The Workpiece Moves in the Chuck
If your workpiece moves in the workholding during the cut, you will have accuracy issues, difficulty holding tolerances and chatter issues.
Incorrectly bored chuck jaws can let the workpiece move. The soft jaws should be machined to match the nominal size of the part being held.
Be sure to use a chuck jaw support slug (1) or adjustable boring ring (2) in the center travel of the jaws, before you machine the jaws. If the Jaws are too close to the top of the stroke you will have diffucalty loading and unloading your workpiece in the jaws, if the jaws are too close to the bottom of the stroke the full clamping force will not achieved.
Use a 0.001" (0.03 mm) feeler gauge to check for gaps between the workpiece and the chuck jaws. Check both the front and the back. The jaws may have deflected from the clamp force, in some cases you may need to machine a slight taper in the jaws to compensate for the jaw's deflection allowing for full jaw contact with the workpeice .
Make sure that the chuck jaws are tight, and that the screws do not bottom out on the T-nuts or T-slot. The T-nuts should not extend outside the T-slots.
When OD clamping parts, the centrifugal forces generated at high RPMs will reduce the clamp force and may allow the part to move. Use this chart to determine the if you need to increase the clamp force on the chuck or reduce the max RPM during your program. You can find this chart on a sticker near the hydraulically pump on your lathe.
Refer to the How to Properly Cut Lathe Soft Jaws — Part 1: Fundamentals and OD Gripping and How to Properly Cut Lathe Soft Jaws — Part 2: ID Gripping, Re-cutting, and Adding a Taper videos for more details on cutting soft jaws.
Note: Be sure to clean and deburr you workpiece before you clamp it into your workholding device. A dirty surface, chips, or burrs can let the workpiece move during the cut.
The Machine is Not Level - Lathe
To operate correctly, the machine must be level. An out-of-level machine can have problems such as poor surface finish, tapered parts, accuracy and repeatability issues, out-of-round circular motion, and out-of-true linear motion.
Watch the Lathe Leveling video to learn how to properly level your Haas lathe, or contact your Haas Factory Outlet to have your machine’s level checked.
Excessive Backlash - Lathe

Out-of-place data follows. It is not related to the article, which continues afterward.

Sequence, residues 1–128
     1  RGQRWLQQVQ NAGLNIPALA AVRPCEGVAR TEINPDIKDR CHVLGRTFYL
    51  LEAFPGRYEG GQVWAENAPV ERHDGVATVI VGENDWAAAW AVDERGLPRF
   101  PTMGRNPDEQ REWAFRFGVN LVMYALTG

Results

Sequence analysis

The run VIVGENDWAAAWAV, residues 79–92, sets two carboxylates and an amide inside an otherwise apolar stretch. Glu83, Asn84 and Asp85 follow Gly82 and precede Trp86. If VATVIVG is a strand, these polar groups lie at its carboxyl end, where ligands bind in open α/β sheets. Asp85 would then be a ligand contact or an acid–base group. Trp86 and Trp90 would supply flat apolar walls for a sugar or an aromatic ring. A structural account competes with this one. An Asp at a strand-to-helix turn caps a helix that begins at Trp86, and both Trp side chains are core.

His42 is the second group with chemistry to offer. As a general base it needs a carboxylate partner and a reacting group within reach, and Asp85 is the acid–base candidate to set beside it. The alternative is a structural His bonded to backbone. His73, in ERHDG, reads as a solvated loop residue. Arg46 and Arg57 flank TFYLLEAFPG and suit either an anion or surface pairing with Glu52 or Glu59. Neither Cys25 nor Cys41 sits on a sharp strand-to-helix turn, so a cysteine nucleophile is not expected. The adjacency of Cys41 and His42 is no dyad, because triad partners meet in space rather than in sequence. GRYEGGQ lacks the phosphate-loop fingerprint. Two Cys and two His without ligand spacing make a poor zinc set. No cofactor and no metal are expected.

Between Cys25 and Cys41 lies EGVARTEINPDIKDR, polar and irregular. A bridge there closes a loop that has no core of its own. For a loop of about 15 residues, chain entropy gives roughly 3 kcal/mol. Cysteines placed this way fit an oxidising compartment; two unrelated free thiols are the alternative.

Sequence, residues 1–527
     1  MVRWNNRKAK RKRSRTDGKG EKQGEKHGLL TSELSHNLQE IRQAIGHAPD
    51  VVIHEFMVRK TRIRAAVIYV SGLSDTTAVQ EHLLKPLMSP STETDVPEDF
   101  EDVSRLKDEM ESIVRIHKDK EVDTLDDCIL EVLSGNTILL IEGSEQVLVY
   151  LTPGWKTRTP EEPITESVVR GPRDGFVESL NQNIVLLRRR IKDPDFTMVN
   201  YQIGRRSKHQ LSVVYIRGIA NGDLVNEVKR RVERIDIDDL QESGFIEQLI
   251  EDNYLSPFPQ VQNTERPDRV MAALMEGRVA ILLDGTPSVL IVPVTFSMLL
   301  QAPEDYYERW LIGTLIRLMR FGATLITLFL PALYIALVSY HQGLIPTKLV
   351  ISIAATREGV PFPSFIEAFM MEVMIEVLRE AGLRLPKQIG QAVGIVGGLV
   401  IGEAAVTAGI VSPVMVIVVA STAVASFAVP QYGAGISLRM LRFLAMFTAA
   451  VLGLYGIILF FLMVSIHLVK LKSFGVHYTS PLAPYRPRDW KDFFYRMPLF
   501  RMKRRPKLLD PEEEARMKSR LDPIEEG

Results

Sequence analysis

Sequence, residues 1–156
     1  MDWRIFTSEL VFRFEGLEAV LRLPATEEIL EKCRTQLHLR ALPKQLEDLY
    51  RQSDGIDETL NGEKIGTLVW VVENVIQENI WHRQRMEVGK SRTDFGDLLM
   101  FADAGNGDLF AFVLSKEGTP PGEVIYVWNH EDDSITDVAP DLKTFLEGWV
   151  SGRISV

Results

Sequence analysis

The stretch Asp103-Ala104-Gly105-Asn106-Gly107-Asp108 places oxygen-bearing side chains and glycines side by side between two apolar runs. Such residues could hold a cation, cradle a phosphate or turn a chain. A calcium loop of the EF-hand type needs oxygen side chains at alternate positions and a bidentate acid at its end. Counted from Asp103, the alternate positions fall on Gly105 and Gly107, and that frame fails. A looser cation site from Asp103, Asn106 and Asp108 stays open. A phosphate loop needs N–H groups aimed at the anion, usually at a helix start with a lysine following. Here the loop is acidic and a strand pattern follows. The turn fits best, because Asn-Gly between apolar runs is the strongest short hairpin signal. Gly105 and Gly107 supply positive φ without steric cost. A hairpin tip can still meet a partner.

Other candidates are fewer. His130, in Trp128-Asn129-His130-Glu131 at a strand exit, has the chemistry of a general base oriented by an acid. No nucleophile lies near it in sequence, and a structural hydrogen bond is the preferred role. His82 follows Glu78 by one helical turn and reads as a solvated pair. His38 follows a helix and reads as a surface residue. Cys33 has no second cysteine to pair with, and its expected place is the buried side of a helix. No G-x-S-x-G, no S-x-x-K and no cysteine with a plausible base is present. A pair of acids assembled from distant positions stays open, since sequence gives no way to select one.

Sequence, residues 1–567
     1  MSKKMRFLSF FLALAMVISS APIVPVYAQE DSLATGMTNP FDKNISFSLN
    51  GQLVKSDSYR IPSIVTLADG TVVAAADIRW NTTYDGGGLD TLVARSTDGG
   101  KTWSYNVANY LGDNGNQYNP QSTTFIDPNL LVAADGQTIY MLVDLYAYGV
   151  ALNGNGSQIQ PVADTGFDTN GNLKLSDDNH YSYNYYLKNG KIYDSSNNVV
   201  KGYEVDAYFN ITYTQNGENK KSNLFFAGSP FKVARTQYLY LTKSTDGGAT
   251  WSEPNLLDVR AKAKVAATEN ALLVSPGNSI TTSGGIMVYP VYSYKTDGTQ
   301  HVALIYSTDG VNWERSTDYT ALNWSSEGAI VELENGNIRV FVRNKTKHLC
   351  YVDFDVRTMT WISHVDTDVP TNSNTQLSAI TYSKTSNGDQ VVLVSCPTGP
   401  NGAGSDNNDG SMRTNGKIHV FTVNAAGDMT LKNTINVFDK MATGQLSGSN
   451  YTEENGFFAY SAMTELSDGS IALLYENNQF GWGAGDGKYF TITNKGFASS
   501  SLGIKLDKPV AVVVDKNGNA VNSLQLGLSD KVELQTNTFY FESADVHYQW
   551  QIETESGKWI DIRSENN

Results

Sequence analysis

Excessive backlash or lost motion in a machine axis can cause accuracy errors. Haas machines use mechanical adjustments and Electronic Backlash Compensation together to adjust for backlash and keep the machine accurate.
Mechanical Backlash is lost motion caused by excessive gaps or clearances between parts in the axis drive system. The Electronic Backlash Compensation uses parameters to compensate for the small amount of mechanical backlash when an axis changes direction.
You can use the Lathe - Axis Ballscrew - Backlash Test procedure to inspect the backlash on your machine.
If you find that your machine has excessive backlash, inspect your machine for:
- A damaged ballscrew coupling
- Loose screws on the ballscrew, nut or the nut housing
- A loose lock nut on the end of a ballscrew
- A waycover that does not move freely.
- Excessive wear on a ballscrew or nut
Electronic Thermal Compensation - Lathe
Electronic Thermal Compensation (ETC) uses a proprietary algorithm to compensate for the expansion and contraction in linear axes caused by the heating and cooling of the ballscrews. The ETC algorithm uses a model of the ballscrew, and it estimates expansion or contraction based on the distance traveled and the torque applied to the motor. Heat is represented by a thermal coefficient of expansion, and the axis distance is multiplied by the coefficient to get the amount of correction needed. A real-time clock monitors in-motion time and non-motion time (e.g., lunch, breaks), and compensates accordingly.
Remember that ETC does not correct for thermal growth due to changes in ambient temperature, growth due to part expansion, or growth due to spindle expansion/contraction.
The X, Y, and Z Screw Thermal Comp % settings let you adjust adjust the existing screw thermal compensation by -30% to +30%. If these values are incorrect, you can have accuracy errors.
Start each setting with a value of zero, and then adjust as needed.
These are the settings:
Setting 158 - X Screw Thermal Comp % (-30 to 30)
Setting 159 - Y Screw Thermal Comp % (-30 to 30)
Setting 160 - Z Screw Thermal Comp % (-30 to 30)
If the parameter values used in the ETC algorithm are incorrect, you can have accuracy errors.
If you suspect the ETC parameters are incorrect, contact your Haas Factory Outlet to have the machine parameters checked and corrected if needed.
On Haas lathes, ETC uses a thermal sensor on the X-Axis ballscrew to help ETC compensate the axis. If the thermal sensor on the ballscrew is faulty, this compensation can be incorrect. This causes accuracy errors.
To check for a faulty sensor, find the axis thermal sensor status on the DIAGNOSTICS screen. If the temperature status does not stay constant, the thermal sensor should be replaced.
Thermal Growth During Warm Up Period - Lathe
Most thermal distortion effects occur during a "warm-up period," when you use the machine for the first time after it has stood idle for many hours. The Haas control has a feature to compensate for thermal growth during this time.
There are (4) settings that control thermal growth compensation:
Setting 109 specifies the duration of the warm-up period, in minutes.
Settings 110, 111, and 112 specify the amount of compensation that the control applies during the warm-up period.